Microsoft code name “M” is a simple declarative language for building domain models and working with data. “M” allows users to write down how they want to structure and query their data using a convenient textual syntax that can be both authored and read.
“M” does not mandate how data is stored or accessed, nor does it mandate a specific implementation technology. Rather, “M” was designed to allow users to write down what they want from their data without having to specify how those desires are met against a given technology or platform. “M” in no way prohibits implementations from providing rich declarative or imperative support for controlling how “M” constructs are represented and executed in a given environment.
“M” is a simple language. “M” builds on three basic concepts: values, types, and extents. The following concepts are defined in “M”:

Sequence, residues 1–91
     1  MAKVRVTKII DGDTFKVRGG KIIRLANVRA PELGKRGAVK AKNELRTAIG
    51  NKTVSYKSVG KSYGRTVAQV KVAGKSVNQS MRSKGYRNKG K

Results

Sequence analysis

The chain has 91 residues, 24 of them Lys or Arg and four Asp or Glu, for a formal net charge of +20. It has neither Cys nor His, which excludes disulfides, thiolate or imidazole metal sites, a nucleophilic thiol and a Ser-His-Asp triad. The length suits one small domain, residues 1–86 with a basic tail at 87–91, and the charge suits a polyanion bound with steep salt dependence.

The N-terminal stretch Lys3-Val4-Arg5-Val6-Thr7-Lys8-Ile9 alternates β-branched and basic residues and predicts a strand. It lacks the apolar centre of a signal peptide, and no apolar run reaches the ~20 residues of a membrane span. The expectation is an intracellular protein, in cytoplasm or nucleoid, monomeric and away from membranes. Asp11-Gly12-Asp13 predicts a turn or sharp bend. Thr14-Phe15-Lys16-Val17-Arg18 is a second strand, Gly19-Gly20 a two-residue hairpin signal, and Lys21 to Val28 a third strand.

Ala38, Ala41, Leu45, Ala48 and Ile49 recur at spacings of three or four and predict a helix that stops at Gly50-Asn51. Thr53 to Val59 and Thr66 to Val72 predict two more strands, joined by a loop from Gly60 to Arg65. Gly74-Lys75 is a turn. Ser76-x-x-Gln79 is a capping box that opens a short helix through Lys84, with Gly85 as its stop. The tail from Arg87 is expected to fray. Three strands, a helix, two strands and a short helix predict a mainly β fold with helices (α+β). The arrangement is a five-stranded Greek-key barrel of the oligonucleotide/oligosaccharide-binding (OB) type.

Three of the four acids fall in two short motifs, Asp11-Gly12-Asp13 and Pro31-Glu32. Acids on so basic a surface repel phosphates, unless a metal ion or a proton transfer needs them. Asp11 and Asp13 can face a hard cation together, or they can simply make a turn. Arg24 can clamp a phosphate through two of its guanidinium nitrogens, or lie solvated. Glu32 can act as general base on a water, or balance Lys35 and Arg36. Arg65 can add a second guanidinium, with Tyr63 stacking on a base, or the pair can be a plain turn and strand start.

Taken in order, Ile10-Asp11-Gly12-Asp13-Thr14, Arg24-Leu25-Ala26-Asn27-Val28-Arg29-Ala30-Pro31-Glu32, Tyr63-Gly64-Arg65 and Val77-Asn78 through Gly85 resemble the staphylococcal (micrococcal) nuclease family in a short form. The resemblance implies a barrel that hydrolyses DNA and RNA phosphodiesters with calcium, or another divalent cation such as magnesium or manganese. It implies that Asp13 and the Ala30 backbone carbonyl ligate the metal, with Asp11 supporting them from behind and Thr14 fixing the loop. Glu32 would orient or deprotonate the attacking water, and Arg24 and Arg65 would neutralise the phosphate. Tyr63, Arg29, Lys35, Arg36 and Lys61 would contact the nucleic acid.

A value is data that conforms to the rules of the “M” language.
A type describes a set of values.
An extent provides dynamic storage for values.
In general, “M” separates the typing of data from the storage/extent of the data. A given type can be used to describe data from multiple extents as well as to describe the results of a calculation. This allows users to start writing down types first and decide where to put or calculate the corresponding values later.
As to determining where to put values, the “M” language does not specify how an implementation maps a declared extent to an external store such as an RDBMS. However, “M” was designed to make such implementations possible and is compatible with the relational model.
One other important aspect of data management that “M” does not address is updating. “M” is a functional language that does not have constructs for changing the contents of an extent. How the data changes is outside the scope of the language, however again, “M” anticipates that the contents of an extent can change using external (to “M”) stimuli.